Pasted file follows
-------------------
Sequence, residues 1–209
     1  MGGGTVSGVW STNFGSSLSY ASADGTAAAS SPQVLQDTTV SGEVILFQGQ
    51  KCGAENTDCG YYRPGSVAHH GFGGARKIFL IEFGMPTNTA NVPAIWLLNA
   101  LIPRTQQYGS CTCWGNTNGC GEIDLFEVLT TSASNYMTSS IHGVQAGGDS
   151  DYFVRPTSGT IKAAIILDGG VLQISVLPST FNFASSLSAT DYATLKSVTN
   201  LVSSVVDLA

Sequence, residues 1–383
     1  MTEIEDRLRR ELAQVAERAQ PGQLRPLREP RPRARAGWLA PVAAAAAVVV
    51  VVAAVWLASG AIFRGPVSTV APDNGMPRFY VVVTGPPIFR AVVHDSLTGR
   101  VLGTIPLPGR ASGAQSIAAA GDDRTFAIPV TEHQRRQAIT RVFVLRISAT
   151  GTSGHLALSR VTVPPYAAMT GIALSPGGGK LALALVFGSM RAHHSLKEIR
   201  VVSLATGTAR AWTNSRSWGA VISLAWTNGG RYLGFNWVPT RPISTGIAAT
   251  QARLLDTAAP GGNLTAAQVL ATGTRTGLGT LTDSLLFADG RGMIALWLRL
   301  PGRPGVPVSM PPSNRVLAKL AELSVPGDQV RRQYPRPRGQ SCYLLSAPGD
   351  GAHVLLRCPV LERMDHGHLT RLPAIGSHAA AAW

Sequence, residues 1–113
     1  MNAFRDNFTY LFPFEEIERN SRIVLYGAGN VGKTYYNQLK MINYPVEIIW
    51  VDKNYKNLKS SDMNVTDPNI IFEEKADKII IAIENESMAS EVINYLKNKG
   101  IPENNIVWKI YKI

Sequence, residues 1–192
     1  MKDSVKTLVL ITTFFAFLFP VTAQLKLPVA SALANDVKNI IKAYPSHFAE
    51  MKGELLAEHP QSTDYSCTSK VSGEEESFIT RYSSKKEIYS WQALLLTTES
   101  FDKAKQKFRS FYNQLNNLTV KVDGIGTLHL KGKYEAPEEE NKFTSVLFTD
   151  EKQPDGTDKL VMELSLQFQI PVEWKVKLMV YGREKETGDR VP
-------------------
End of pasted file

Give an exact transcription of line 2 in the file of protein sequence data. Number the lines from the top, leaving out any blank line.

     1  MGGGTVSGVW STNFGSSLSY ASADGTAAAS SPQVLQDTTV SGEVILFQGQ